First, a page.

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Old 6th September 2007, 03:40 PM   #121
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Hi ReLLaXX, and welcome to our thread !

I think I've understood all your words -"wnglish" for english seems more a finger slip, which I do too often with some other words.

Anything you want to post to tell us about, or photos to look at, will be most welcome.

There will be more information from me about getting the cross-overs working to close to original specification as soon as I have sufficient time available, and there will likely be more from the three 66 owners after they've had time to try the ideas posted to date.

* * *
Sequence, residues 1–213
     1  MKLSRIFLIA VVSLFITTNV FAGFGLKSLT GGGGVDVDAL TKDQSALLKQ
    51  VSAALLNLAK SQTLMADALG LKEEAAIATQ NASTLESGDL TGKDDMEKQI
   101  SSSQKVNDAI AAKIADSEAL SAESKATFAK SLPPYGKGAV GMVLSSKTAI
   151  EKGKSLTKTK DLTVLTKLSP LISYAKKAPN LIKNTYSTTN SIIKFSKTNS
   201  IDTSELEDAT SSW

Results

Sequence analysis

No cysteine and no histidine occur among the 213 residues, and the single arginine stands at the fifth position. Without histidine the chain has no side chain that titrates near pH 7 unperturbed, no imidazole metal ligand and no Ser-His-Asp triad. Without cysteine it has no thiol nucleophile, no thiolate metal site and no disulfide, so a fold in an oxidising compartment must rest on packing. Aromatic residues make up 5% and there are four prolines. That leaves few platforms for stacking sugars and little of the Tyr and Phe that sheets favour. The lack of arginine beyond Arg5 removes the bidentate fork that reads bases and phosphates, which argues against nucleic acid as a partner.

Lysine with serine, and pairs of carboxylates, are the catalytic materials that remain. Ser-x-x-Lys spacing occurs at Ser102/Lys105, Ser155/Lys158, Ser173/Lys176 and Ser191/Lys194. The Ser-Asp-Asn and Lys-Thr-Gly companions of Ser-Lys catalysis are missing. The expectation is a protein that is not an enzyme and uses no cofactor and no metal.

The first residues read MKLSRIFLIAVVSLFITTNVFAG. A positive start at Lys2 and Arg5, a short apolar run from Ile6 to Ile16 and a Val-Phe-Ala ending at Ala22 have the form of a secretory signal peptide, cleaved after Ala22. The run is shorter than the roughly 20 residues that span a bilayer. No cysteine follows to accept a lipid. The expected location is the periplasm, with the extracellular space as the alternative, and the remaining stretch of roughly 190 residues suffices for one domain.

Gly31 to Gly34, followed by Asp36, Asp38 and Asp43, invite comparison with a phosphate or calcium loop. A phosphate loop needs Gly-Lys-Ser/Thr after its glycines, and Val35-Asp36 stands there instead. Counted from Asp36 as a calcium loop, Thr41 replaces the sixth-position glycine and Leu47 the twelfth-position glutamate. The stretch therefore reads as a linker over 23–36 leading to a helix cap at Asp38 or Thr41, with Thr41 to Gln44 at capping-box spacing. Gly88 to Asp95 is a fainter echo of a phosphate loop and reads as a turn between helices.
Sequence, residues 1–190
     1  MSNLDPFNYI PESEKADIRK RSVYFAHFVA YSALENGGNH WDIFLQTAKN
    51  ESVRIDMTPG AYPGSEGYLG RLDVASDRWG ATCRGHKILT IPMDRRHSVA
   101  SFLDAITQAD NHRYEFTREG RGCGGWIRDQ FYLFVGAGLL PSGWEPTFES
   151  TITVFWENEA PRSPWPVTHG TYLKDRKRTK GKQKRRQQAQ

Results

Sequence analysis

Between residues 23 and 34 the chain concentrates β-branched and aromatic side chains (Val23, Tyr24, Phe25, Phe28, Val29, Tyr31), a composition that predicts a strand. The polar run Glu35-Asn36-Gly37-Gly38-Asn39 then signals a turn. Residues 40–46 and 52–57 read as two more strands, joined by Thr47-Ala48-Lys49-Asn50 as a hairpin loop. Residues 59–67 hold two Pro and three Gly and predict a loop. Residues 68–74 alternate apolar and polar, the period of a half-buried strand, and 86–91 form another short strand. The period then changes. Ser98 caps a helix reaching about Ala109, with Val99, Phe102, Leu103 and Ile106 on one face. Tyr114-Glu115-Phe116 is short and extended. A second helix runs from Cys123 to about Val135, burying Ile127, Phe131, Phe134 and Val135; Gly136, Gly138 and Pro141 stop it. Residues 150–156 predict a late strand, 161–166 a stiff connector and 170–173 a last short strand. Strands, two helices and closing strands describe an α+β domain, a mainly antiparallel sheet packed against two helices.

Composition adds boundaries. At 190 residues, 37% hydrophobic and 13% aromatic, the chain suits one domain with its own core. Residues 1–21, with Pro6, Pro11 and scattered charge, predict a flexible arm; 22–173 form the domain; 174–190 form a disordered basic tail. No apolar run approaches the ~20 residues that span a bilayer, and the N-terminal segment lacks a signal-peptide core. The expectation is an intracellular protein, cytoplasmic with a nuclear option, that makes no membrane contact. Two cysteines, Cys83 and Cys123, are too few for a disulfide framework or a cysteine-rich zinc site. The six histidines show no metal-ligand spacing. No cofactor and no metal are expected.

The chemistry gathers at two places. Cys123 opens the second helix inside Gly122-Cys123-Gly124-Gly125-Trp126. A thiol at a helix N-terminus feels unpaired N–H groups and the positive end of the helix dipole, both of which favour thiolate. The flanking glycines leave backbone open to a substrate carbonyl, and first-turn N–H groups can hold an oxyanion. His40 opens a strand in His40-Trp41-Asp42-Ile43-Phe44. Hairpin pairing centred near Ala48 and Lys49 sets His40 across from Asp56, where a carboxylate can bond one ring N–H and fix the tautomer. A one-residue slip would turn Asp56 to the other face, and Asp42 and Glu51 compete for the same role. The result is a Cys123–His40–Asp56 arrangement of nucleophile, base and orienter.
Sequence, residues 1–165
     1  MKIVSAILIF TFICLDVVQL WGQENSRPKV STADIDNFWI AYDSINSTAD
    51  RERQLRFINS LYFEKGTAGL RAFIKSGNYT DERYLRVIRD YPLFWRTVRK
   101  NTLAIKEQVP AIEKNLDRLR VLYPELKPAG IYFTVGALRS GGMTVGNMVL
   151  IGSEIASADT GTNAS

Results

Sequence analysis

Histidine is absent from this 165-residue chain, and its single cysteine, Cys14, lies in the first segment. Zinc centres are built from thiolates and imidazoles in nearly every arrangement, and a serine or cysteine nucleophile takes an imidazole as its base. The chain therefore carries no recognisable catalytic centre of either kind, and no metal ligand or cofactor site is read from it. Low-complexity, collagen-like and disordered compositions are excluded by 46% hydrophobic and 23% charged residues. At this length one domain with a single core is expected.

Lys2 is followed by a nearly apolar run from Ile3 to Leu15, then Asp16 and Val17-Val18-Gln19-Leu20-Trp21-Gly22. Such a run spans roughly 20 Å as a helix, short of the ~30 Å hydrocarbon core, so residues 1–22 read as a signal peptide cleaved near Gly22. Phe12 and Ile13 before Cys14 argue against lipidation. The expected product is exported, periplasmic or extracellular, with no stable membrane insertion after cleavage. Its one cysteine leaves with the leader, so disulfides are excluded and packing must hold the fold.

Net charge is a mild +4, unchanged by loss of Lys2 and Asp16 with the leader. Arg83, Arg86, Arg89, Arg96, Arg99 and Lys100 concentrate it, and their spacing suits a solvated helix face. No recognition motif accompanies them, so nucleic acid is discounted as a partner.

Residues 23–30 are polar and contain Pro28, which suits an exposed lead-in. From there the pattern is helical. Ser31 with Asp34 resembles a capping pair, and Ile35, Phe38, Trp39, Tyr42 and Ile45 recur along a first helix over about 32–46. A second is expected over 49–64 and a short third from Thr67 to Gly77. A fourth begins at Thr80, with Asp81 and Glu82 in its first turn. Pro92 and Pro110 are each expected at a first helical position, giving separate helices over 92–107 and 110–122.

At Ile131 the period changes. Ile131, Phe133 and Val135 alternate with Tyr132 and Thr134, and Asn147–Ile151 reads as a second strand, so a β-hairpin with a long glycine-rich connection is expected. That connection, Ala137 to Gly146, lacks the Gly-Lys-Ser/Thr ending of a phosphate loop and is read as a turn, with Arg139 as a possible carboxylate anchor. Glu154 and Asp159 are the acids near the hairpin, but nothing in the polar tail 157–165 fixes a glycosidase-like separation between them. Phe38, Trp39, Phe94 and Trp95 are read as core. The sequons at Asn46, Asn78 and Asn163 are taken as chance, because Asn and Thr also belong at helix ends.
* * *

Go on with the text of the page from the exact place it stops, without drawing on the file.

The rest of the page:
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Old 6th September 2007, 04:35 PM   #122
sba is offline sba
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Hi everyone /
Welcome Rellaxx


Alan--

24uf capacitor:

"check very closely the solder joints to all those 24uF and piggy-backed smaller caps, and compare the solder joints' colour , etc ... to the original solder joints around all the other components to see if its possible some were re-soldered later.".........

"another possible reason for the larger series capacitance to the MD500 in the 50watt version is that perhaps that version of the driver had a different Fs to the later 80watt version, and thus a slightly different Impedance around the 500Hz area, and/or a slightly different Frequency Response at the low end of its useable spectrum."